7517 Alisondoane

7517 Alisondoane
007517-asteroid shape model (7517) Alisondoane.png
Alisondoane modeled from its lightcurve
Discovery [1]
Discovered byT. Kojima
Discovery siteChiyoda
Discovery date3 January 1989
Designations
(7517) Alisondoane
Named after
Alison Doane
(curator at Harvard Obs.)[2]
1989 AD · 1938 UV
1961 VJ · 1980 TF7
1982 FU3
Orbital characteristics[3]
Epoch 4 September 2017 (JD 2458000.5)
Uncertainty parameter 0
Observation arc55.49 yr (20,268 days)
Aphelion3.0881 AU
Perihelion1.8040 AU
2.4461 AU
Eccentricity0.2625
3.83 yr (1,397 days)
197.29°
Inclination6.0528°
0.6039°
55.673°
Physical characteristics
Mean diameter
8.52±2.25 km[8]
9.146±0.207 km[9][10]
9.3±0.9 km[11]
9.31±0.56 km[12]
9.99±1.92 km[13]
9.701±0.001 h[a]
  • (123.0°, −51.0°) (λ11)[14]
  • (314.0°, −60.0°) (λ22)[14]
0.04±0.01[13]
0.07±0.01[11]
0.08±0.05[8]
0.1215±0.0179[9][10]
0.128±0.018[12]
13.1[9][12] · 13.43±0.33[15] · 13.70[8][11] · 13.8[3][4] · 14.19[13]

7517 Alisondoane (prov. designation: 1989 AD) is a dark background asteroid from the inner regions of the asteroid belt. It was discovered on 3 January 1989, by Japanese amateur astronomer Takuo Kojima at the YGCO Chiyoda Station in the northern Kantō region of Japan. The carbonaceous C-type asteroid has a rotation period of 9.7 hours and measures approximately 9 kilometers (5.6 miles) in diameter. It was named after Alison Doane (1958–2017), curator of astronomical photographs at the Harvard College Observatory.[1]

Orbit and classification[]

Alisondoane is a non-family asteroid of the main belt's background population when applying the hierarchical clustering method to its proper orbital elements.[5][6][7] It orbits the Sun in the inner main-belt at a distance of 1.8–3.1 AU once every 3 years and 10 months (1,397 days). Its orbit has an eccentricity of 0.26 and an inclination of 6° with respect to the ecliptic.[3]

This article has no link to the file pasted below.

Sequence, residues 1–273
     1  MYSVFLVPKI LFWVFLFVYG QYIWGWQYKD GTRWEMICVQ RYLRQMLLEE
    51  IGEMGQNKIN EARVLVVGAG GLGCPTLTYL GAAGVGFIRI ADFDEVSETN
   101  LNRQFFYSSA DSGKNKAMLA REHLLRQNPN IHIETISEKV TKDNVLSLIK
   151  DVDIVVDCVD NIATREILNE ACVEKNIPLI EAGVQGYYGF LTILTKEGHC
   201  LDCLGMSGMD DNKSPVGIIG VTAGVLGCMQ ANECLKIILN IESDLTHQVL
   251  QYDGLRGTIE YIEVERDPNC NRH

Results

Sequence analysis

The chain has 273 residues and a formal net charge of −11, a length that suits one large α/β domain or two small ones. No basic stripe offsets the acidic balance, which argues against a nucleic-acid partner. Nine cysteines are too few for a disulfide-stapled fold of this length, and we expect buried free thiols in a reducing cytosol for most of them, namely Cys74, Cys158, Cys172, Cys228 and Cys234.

Naming[]

This minor planet was named in honor of Alison Doane (1958–2017), curator of astronomical photographs at the Harvard College Observatory. She was also principal oboe with the Boston Philharmonic Orchestra from 1982 to 2001.[1] The official naming citation was published by the Minor Planet Center on 25 December 2015 (M.P.C. 97567).[17]

Physical characteristics[]

Alisondoane has been characterized as a carbonaceous C-type asteroid by PanSTARRS photometric survey,[15] as well as by the Sloan Digital Sky Survey (SDSS).[16]

Lightcurves[]

A rotational lightcurve analysis by Czech astronomer Petr Pravec in 2007 rendered a rotation period of 9.701±0.001 hours with a high brightness amplitude of 1.13 in magnitude (U=3).[a] A modeled lightcurves using photometric data from various sources, gave a sidereal period of 9.70943 hours and two spin axes of (123.0°, −51.0°) and (314.0°, −60.0°) in ecliptic coordinates (λ, β).[14]

Diameter and albedo[]

According to the surveys carried out by the Japanese Akari satellite and NASA's Wide-field Infrared Survey Explorer with its subsequent NEOWISE mission, Alisondoane measures between 8.52 and 9.99 kilometers in diameter and its surface has an albedo between 0.04 and 0.122.[8][9][10][11][12][13] The Collaborative Asteroid Lightcurve Link (CALL) calculates a smaller diameter of 5.16 kilometers based on an assumed albedo of 0.18 for an X-type asteroid.[4][b]

Notes[]

  1. ^ a b Pravec (2007): rotation period 9.701±0.001 hours with a brightness amplitude of 1.13 mag. CALL assigns a "Quality Code" of 3, which denotes a secure result within the precision given and no ambiguity. Summary figures for (7517) Alisondoane at Collaborative Asteroid Lightcurve Link (CALL)
  2. ^ Summary Notes by the LCDB: "The Masi et al. paper gave this as a C-type on the basis of a neutral spectrum. However, given its location in the inner main belt, we adopted class X and a Pv = 0.18"

References[]

  1. ^ a b c d "7517 Alisondoane (1989 AD)". Minor Planet Center. Retrieved 7 February 2016.